The consumer packaged goods industry has a lot on its plate, all of which was evident at the GMA Leadership Forum in Colorado Springs this past weekend.
Executives at this annual gathering of top leaders are grappling with issues such as digital disruption, changing demographics and new consumer behaviors.
Forum speakers offered insights on these issues and updates on industry initiatives, and GMA also took the time to recognize achievements.
Here are five key highlights:
Target Corp. is succeeding by responding to shifting consumer trends in areas such as health and wellness, said Carolyn Sakstrup, vice president, Guest Center of Excellence, during an educational session.
“Sales of natural and organic items are growing about 10% in the industry, and we’re outpacing at more like 15% the last several years,” she said. “This is a pervasive consumer trend, and it’s going to be enduring.”
For Target, however, consumer shifts are about far more than food. “There’s a move to nontraditional for many other categories at Target,” she explained. “Consumers want things like quality and an understanding of where things come from. They are willing to pay more for it, and they’re making tradeoffs in how they purchase.”
Target has evolved its brand partnerships in the wellness segment by putting a big emphasis starting last year on working with smaller, innovative brands.
“These brands may not have marketing budgets, but Target puts its marketing weight behind it.”
The words disruption and digital were synonymous at this event, and anchored many of the educational sessions and hallway conversations. In a session about online shopping, Instacart's Dan Bourgault outlined how the high-profile company is progressing in the grocery space. Bourgault, who runs business development brand partnerships, said the company is now involved with more than 63 retail brands. He is building partnerships with CPG organizations, and encouraged manufacturers to get involved early in the game. "Many CPGs have innovation teams and are developing promotions with us," he said. One advantage for CPGs is access to data, he added.
Meanwhile, an A.T. Kearney online grocery survey found "increased usage and penetration across all consumer demographics," said Randy Burt, partner. About 34% of respondents had tried it by mid-2015, "which is a good indication of a tipping point," he said. "We think online grocery will be an attractive growth area for CPGs."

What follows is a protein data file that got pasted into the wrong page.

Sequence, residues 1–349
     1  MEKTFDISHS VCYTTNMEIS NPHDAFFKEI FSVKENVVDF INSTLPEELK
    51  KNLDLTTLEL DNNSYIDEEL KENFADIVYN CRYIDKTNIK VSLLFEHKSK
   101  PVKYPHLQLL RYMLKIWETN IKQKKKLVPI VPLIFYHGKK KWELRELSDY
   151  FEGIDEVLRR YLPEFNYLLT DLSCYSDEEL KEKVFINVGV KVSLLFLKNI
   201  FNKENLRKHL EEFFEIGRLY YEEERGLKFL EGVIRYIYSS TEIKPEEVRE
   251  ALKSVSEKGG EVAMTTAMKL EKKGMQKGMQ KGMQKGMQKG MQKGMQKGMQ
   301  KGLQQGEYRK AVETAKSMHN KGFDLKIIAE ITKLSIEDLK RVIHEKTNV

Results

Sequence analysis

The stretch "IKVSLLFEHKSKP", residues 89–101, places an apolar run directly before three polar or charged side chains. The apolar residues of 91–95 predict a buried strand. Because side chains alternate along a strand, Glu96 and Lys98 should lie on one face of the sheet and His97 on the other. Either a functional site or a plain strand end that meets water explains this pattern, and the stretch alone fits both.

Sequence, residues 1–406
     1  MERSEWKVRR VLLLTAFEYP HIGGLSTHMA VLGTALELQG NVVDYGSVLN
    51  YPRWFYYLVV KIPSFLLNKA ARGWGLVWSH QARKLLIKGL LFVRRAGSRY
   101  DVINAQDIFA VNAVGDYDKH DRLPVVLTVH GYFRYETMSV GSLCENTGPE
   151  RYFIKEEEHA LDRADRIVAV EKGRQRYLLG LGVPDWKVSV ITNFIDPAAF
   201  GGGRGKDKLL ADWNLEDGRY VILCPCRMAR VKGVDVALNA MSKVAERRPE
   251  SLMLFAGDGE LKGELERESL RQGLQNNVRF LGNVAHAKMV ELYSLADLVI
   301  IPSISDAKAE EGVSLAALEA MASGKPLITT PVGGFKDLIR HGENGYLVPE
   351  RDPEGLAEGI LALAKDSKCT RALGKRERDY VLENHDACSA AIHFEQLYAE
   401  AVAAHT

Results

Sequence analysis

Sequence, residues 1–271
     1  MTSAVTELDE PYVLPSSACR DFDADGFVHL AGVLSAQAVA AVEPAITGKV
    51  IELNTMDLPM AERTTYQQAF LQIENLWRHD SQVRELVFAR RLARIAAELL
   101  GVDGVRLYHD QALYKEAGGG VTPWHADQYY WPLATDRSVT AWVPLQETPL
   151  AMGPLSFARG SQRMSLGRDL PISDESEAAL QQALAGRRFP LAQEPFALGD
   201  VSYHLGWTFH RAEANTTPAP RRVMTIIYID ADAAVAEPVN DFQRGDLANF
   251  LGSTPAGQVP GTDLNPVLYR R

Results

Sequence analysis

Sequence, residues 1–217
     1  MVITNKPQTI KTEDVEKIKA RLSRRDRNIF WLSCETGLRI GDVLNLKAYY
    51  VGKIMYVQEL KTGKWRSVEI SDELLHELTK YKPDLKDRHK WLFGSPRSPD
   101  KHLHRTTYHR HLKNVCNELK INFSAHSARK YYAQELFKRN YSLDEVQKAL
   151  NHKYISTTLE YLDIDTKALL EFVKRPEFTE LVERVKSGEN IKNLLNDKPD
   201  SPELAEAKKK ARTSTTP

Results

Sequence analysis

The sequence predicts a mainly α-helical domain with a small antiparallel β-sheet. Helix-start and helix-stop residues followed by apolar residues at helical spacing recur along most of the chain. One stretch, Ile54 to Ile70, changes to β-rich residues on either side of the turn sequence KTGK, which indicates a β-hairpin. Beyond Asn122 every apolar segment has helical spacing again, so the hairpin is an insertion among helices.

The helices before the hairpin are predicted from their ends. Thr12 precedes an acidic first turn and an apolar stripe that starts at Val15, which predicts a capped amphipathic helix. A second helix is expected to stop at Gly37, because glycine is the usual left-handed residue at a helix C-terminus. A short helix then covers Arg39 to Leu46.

The digital talk at the event extended to what digitally driven physical stores of the future will look like.
Likely elements include iBeacons, digital coupons, digitally trained associates and after-hours pickup, said Meena Surti Patel, assistant vice president for consumer goods and retail business consulting, Cognizant. "Retail-CPG collaboration will become far more important than it has ever been, this time aided by powerful technology," she said.
GMA outlined development of a Consumer Information Transparency Initiative that will put more details about products in the hands of shoppers. Over the past 18 months, more than 90 companies have been involved in the project, said Pam Bailey, president and CEO of GMA.
The program will be rolled out to consumers once it achieves critical mass. Consumers who scan bar codes or search online will be taken to landing pages with detailed information about attributes such as ingredients, allergens, nutrition and sustainability. Brand owners will maintain the landing pages, explained Jim Flannery, senior EVP, operations and industry collaboration, GMA.
"This is truly a game-changing initiative," Bailey said.
Forecaster and futurist Daniel Burrus, founder and CEO, Burrus Research Associates, urged executives to do a better job of understanding where trends are headed, including "anticipating disruptions before they disrupt."
He said the best days of brick-and-mortar stores aren't in the past, but that "retail in-store isn't what it used to be. We're recreating it, it's about the experience."
He urged companies to give more thought to the brain drain that will result from Baby Boomer retirements. "I know you have a database, but do you have a wisdom base?" he asked. "Capture the wisdom of people who will be retiring."
He also forecast "the future will be about relationships, and trust is key." Whether the topic is health and wellness, safety or something else, "if a move reduces the amount of trust, then change how you implement it."
GMA presented the Hall of Achievement Award, its highest honor, to Greg Wasson, retired Walgreens president and CEO, and George Deese, chairman of the board of Flowers Foods. Deese was honored for growing Flowers Foods into the second-largest baking company in the United States and for his leadership in the development of the Grain Foods Foundation. Wasson was recognized for achievements including a major rebranding campaign, acquisitions and new product offerings.
GMA also honored Coca-Cola and E. & J. Gallo Winery with the 2015 CPG Awards for Innovation and Creativity. Gallo won for its "innovative initiative to create a next generation sales system," while Coca-Cola was recognized for "its highly successful 'Share a Coke' campaign."
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